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NASCAR's Kyle Larson to AP on slur: 'I was just ignorant'

FILE - In this Oct. 18, 2019, file photo, Kyle Larson sits in his car before the final practice for a NASCAR Cup Series auto race at Kansas Speedway in Kansas City, Kan. Kyle Larson has been working behind the scenes to educate himself on racial issues since his firing from NASCAR for using a slur.  (AP Photo/Colin E. Braley, File)
FILE - In this Oct. 18, 2019, file photo, Kyle Larson sits in his car before the final practice for a NASCAR Cup Series auto race at Kansas Speedway in Kansas City, Kan. Kyle Larson has been working behind the scenes to educate himself on racial issues since his firing from NASCAR for using a slur. (AP Photo/Colin E. Braley, File) (Copyright 2019 The Associated Press. All rights reserved)

INDIANAPOLIS – What do you do when the entire world believes you are a racist? When your career has collapsed because you uttered the N-word while playing a late night video game?

Kyle Larson packed his things and left North Carolina, returning to his native California too embarrassed to show his face in public.

The facts were plain and he doesn't deny them: He was iRacing late Easter Sunday, couldn't hear his spotter on his headset and used the N-word to get his colleagues' attention. His downfall was swift: The 28-year-old Larson lost his sponsors, his job and any shot at a multimillion-dollar contract in NASCAR’s upcoming free agency.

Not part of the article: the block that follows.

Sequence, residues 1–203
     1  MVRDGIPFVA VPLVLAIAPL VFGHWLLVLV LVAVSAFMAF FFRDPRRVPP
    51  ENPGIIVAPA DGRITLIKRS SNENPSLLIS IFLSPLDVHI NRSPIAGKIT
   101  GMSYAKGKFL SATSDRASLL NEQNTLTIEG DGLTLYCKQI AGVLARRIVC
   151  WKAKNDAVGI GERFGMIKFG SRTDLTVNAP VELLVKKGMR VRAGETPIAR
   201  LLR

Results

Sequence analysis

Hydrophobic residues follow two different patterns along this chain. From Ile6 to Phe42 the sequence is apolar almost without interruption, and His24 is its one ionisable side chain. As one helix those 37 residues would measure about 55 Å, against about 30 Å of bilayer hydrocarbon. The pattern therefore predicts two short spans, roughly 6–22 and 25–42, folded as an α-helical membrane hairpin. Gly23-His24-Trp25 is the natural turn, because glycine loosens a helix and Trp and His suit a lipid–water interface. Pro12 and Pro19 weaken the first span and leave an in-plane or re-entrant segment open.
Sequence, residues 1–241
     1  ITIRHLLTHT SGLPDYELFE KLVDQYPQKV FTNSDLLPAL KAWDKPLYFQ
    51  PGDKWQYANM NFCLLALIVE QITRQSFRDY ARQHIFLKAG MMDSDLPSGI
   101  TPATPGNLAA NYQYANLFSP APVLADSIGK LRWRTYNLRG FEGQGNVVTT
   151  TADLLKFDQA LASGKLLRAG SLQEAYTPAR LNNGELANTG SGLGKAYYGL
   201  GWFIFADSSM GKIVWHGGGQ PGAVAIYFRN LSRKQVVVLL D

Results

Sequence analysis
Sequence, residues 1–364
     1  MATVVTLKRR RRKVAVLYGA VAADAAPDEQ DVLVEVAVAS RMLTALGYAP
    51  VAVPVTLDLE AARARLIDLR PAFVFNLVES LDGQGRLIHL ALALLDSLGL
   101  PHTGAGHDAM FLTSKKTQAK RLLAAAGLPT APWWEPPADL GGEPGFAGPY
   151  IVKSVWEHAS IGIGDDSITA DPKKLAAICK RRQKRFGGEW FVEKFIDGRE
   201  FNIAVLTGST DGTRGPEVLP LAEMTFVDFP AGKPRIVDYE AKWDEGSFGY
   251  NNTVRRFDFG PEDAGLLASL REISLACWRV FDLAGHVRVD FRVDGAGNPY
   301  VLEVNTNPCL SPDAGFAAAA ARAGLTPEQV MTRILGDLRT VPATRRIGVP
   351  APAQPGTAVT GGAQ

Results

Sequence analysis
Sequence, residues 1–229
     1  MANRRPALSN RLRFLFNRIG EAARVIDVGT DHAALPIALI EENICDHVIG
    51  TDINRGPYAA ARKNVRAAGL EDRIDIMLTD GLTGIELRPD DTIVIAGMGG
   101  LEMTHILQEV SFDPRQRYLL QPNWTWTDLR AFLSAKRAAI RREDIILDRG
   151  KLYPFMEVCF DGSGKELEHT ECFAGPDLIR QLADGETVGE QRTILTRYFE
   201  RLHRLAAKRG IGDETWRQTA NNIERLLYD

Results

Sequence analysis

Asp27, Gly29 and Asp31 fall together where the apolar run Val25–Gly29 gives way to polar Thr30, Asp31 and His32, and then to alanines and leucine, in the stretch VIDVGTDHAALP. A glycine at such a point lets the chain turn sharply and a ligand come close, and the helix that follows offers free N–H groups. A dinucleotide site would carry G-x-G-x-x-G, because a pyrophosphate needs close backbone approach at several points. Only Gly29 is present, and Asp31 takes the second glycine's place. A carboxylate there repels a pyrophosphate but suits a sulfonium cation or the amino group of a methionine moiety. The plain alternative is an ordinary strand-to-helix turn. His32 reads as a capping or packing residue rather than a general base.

Depressed and devastated, Larson began a journey to understand both why he had said the word and how to grow from the experience. What he discovered was that he'd been living in a bubble most of his life in which winning races was the only thing that mattered. Anything that happened in the real world was simply not on his radar.

“I was just ignorant. And immature. I didn't understand the negativity and hurt that comes with that word,” Larson told The Associated Press. “That's not a word that I had ever used. I grew up in Northern California, all I ever did was race and that's all I was focused on. There’s probably a lot of real-life experiences I didn’t get to have and I was just ignorant to how hurtful that word is.”

Larson sat down with the AP at an Indianapolis hotel Wednesday for his first interview since he was fired April 15 by Chip Ganassi Racing after every sponsor cut ties. He had also been suspended by NASCAR and needed to complete a sensitivity training course for reinstatement.

Larson immediately took the course. Then he decided he needed to do more.

He connected with retired soccer star Tony Sanneh, whose foundation works on youth development and empowerment in the Minneapolis area. Larson went to visit Sanneh and volunteer at the foundation in the weeks before the city — and the nation — were rocked by the May death of George Floyd in police custody.